3) BCM seems to be a possible solution. We probably need only 5-7 users max with this feature so it matches your "10 or less" configuration.
4) Share Point, we tried it and the use and management are frustrating and sometimes hard to operate for particular users. I will pass on this.

If you have any other possible solutions, then please feel free to suggest them. Many thanks!
DR
0
SembeeCommented:
What is wrong with public folders? I have that running on a number of sites and it works well. There are no capacity issues other than what the human mind can cope with.

The problem you have is the requirement to view those items offline and on handhelds. Many solutions will not allow that because of the nature of the information. Some applications will literally have the same database on the laptops, so will be using some kind of database (MSDE/SQL Express usually) and then attempt to sync back. Handhelds - no handheld is going to take 3000+ contacts. That is a lot of space required. That is why the GAL isn't stored on the handheld but is used on a live lookup.

You probably need to look at something web based that has handheld support so that it can be viewed live rather than an offline copy.

Simon.
0

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Jeffrey Kane - TechSoEasyPrincipal ConsultantCommented:
Sorry about the link for Outlook 2003 BCM I've corrected it now, so the link goes to the right place.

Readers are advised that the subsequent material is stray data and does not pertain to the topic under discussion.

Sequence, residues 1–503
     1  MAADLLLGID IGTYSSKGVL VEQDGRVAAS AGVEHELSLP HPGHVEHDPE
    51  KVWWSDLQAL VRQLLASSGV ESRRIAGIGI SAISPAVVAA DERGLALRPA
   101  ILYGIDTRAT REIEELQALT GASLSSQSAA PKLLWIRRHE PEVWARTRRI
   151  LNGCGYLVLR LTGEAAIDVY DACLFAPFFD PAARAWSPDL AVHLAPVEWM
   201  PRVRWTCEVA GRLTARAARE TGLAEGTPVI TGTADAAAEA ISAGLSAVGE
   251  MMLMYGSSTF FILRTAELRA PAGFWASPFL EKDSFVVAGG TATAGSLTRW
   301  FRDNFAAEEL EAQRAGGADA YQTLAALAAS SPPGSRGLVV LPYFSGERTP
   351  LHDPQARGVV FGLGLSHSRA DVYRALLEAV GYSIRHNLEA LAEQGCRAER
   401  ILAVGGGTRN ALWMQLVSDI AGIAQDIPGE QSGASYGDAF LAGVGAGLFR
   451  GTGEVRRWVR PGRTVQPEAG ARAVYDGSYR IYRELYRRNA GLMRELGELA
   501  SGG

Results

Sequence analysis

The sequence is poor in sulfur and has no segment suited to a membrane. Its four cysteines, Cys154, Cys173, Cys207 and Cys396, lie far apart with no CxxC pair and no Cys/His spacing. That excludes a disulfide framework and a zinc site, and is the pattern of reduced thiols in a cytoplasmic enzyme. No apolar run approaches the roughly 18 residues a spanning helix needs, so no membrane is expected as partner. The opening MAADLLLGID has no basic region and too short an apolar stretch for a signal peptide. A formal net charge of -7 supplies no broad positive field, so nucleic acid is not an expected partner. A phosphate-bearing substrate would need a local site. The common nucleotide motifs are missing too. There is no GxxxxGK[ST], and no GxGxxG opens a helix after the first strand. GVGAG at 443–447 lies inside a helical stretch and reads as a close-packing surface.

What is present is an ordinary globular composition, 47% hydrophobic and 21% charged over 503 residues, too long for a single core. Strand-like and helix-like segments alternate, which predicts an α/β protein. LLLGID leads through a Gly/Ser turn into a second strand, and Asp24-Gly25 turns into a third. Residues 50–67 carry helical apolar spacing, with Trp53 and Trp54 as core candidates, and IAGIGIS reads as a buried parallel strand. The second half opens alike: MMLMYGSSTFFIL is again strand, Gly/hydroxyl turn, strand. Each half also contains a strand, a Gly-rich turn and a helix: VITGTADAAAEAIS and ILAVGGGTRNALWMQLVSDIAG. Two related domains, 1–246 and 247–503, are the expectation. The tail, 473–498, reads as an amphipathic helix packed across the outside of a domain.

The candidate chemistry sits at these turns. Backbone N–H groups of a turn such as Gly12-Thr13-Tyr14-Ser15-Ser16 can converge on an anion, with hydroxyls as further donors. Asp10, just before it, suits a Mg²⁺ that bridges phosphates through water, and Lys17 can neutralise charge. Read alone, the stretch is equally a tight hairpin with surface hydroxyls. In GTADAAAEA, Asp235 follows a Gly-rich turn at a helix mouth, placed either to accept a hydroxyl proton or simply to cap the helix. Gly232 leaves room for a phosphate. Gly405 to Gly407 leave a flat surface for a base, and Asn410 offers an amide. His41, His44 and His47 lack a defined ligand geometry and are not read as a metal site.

"If you have any other possible solutions, then please feel free to suggest them"

If you have 5-7 users, then there aren't any other native solutions to look at.  There are third party ones, but I've not used any that I could recommend.  There are also on-line solutions but they may not be available in your part of the world and they wouldn't satisfy the offline laptop issue.

So, BCM is really what I'd recommend.  It does support PocketPC and SmartPhone integration as well.
http://www.microsoft.com/downloads/details.aspx?familyid=7bc78c14-7143-41d9-84a9-bd628db7b6a0&displaylang=en

And that's not true that a handheld can't hold 3000+ contacts.  I've got more than that on mine and the contact database is stored on a 2GB mini-SD card.  The contact database (which is handled by MSDE/SQL Express) only takes about 350MB on mine, and it can take less depending on how much data from each record you want to sync with the PPC.
::
Jeff
TechSoEasy
0
SembeeCommented:
A handheld with a memory card will take all of those contacts, but that does expose your data quite badly. Remote wipe doesn't wipe a memory card, it can be easily removed and the data stolen. I was referring to the internal memory of the device - Blackberry devices didn't have memory card support until very recently.

Simon.
0
Jeffrey Kane - TechSoEasyPrincipal ConsultantCommented:
You can find problems with any solution... to me, those are all solvable and the benefit of having everything with me is invaluable.  Here are some tips:  http://www.microsoft.com/midsizebusiness/businessvalue/mobile-security.mspx

Jeff
TechSoEasy
0